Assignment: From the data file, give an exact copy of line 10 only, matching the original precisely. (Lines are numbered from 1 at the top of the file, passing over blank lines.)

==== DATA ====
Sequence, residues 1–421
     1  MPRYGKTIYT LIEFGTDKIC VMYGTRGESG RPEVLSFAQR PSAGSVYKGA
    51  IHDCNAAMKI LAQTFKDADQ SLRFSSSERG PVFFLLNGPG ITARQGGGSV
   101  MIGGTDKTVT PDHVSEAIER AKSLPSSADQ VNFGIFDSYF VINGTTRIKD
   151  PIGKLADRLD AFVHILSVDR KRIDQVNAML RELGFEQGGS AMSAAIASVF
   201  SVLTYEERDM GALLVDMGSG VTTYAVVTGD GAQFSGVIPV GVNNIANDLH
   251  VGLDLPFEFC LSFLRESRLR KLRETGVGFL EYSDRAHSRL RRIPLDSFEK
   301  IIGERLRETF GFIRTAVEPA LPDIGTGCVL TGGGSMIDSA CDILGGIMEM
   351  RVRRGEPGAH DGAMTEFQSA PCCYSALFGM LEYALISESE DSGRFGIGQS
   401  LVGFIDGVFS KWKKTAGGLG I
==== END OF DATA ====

   401  LVGFIDGVFS KWKKTAGGLG I